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Along the River: A Chinese Cinderella Novel
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Along the River: A Chinese Cinderella Novel

3.39 of 5 stars 3.39  ·  rating details  ·  224 ratings  ·  35 reviews
Bestselling Chinese American author Adeline Yen Mah weaves her authentic accounts of life in China into an absorbing novel about a Chinese girl and her vision of a previous life.

After a fall, CC is whisked away to a hospital. As she drifts in and out of consciousness, she is haunted by vivid dreams that seem strange—yet somehow familiar. Thus begins CC’s emotional journey
Paperback, 208 pages
Published April 10th 2012 by Ember (first published January 1st 2010)
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Brandi Kosiner (Brandi Breathes Books)
Along the River is really the story of Mei Lan, a privileged chinese girl in the Song dynasty. There is a sweet friendship between her brother Gege, and the servant boy- Ah Li who is an amazing artist with lots to teach Gege, and Mei Lan.
CC is a young woman and the conduit to our story. When she slips and falls, she wakes up drawn to a painting from ages ago, and with strange dreams. Through hypnosis, she relates to her doctor her memories, which is the life of Mei Lan and her adventures.
Adeline Yen Mah's book, Along the River, for young adults was a pleasant read. She created a fictional world based on some historical facts from China's Song Dynasty.
Adeline, I thought, did a good job bringing the reader into the story. CC is a young girl who takes a fall and has to go to the hospital. While there, she undergoes hypnotherapy and tells the story of a completely different person, Zhang Mei Lan, who supposedly lived during the 11th and 12th centuries in China. The weaving of the
2 1/2 stars

Reviewed for

Along the River is a quick read that explores the importance of art and the challenges of growing up. Author Yen Mah offers vivid descriptions of ancient Chinese life during the Song Dynasty. Readers will be entertained by the book's fascinating details about cricket fights, calligraphy, and jade carving, to name a few.

Though the amount of detail was astounding, the pages were often too heavy with facts and lacked enough dialogue to keep the stor
In the 1940s of China, a young girl named CC has an accident of falling down a roof and she regains visions and hallucinations of her past life while recovering in rehab. So one day after her doctor has recorded his conversation with her past life spirit (?), he lets her listen. So begins the tale of a young daughter of a nobleman in the capital city and her friend, Ah Li.

I started reading this book because I thought it would be interesting, and give me a lot of historical facts, but I was wr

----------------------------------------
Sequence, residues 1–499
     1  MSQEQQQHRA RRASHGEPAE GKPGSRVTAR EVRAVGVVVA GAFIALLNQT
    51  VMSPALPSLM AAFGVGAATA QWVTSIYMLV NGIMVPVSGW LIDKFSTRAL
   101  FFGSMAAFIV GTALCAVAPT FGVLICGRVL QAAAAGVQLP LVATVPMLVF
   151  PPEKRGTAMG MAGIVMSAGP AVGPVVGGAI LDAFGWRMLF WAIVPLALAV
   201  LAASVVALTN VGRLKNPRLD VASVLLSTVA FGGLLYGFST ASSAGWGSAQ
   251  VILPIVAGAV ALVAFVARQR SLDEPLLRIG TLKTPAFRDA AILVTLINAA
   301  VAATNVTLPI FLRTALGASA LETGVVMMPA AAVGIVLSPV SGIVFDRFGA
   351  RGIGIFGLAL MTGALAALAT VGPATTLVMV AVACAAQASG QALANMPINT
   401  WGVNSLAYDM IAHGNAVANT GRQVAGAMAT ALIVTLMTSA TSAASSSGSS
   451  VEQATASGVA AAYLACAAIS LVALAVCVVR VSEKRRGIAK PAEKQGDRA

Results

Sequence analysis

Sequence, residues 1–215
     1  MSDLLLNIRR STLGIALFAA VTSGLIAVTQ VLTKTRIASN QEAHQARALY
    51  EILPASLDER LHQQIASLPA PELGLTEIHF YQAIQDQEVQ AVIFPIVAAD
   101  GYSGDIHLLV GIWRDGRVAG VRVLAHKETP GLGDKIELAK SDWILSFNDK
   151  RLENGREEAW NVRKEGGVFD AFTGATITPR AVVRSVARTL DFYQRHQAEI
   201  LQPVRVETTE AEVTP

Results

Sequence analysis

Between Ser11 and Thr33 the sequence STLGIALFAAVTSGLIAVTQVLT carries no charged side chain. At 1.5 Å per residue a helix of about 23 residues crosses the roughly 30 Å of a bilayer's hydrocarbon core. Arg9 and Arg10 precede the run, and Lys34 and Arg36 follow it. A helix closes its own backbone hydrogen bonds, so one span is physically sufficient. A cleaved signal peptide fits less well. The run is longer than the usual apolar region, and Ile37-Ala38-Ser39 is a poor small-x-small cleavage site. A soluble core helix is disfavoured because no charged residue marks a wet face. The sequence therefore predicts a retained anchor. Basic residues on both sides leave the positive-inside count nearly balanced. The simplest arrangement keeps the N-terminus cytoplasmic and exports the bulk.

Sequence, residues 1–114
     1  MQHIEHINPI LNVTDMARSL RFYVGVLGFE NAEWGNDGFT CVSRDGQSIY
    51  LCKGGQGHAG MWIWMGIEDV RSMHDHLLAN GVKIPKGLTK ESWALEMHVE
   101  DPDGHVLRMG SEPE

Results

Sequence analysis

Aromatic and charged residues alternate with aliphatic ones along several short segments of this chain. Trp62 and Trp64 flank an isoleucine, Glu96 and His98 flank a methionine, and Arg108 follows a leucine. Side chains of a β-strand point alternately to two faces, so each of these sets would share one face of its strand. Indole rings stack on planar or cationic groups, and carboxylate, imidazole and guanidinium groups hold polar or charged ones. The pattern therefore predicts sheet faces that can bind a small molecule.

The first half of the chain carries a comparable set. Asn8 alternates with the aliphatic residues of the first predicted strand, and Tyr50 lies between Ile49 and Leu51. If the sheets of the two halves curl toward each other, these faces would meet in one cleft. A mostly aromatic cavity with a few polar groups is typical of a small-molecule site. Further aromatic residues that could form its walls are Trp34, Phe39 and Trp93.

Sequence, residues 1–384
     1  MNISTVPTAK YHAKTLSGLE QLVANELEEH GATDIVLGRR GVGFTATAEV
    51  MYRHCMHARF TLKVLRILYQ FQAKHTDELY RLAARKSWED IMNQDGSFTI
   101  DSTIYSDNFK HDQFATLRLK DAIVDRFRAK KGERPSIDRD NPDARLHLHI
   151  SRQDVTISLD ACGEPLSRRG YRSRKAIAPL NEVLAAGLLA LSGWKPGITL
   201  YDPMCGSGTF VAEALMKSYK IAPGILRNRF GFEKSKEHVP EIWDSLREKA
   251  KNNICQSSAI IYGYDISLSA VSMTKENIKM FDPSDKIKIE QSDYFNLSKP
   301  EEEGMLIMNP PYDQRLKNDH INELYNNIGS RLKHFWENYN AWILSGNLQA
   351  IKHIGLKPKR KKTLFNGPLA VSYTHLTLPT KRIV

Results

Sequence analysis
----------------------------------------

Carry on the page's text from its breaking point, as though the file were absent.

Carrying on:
Jennifer Wardrip
Reviewed by Monica Sheffo for

CC is a young Chinese girl whose own misfortune landed her in a hospital in a coma. When she reawakens three weeks later, she feels and appears fine.

That is, except for an unusual obsession with a painting called "Along the River at Qing Ming".

A session with a hypnotherapist reveals the unthinkable. CC is possessed with the spirit of Zang Mei Lang, a young girl from the Song Dynasty, desperate to tell her story.

Actual rating: 3 1/2 stars.
Intriguing story. The beginning was a bit boring, but once they got to Mei Lan and everyone, it got pretty good. I really liked Ah Zhao and Mei Lan, and how she grew over the course of the story.
One thing I don't understand, though, is why it's a Chinese Cinderella. The only similarity was the stepmother and she didn't seem evil to me exactly. I mean, there were some nasty things about her to be sure, but she hardly seemed like the main antagonist. Actually, it just se
This review has been hidden because it contains spoilers. To view it, click here.
Diana Nguyen
The premise for this novel was a romance set in Song Dynasty between two lovers in different social classes. A girl from a well to do family and a barbarian orphan fall head over heels for each other.

I loved the premise for this novel, but the author focused too much on historical details such as the ranking system for nobles, castration, foot binding, and etc. It mentioned the origins of several famous Chinese paintings. Granted, there aren't many historical fiction books out there for young a
CC is running away from a woman who scared/startled her while at the Chinese market in Feng Jie. She almost makes it, but then she falls and is knocked unconscious. She wakes up in a hospital. Recovery seems to be taking longer than expected so the doctor decides to hypnotize her and see if there is something else going on. Listening to the tapes of her session, it's revealed that CC has memories of being a young Chinese girl named Mei Lan over 800 years before. Mei Lan was the daughter of a wea ...more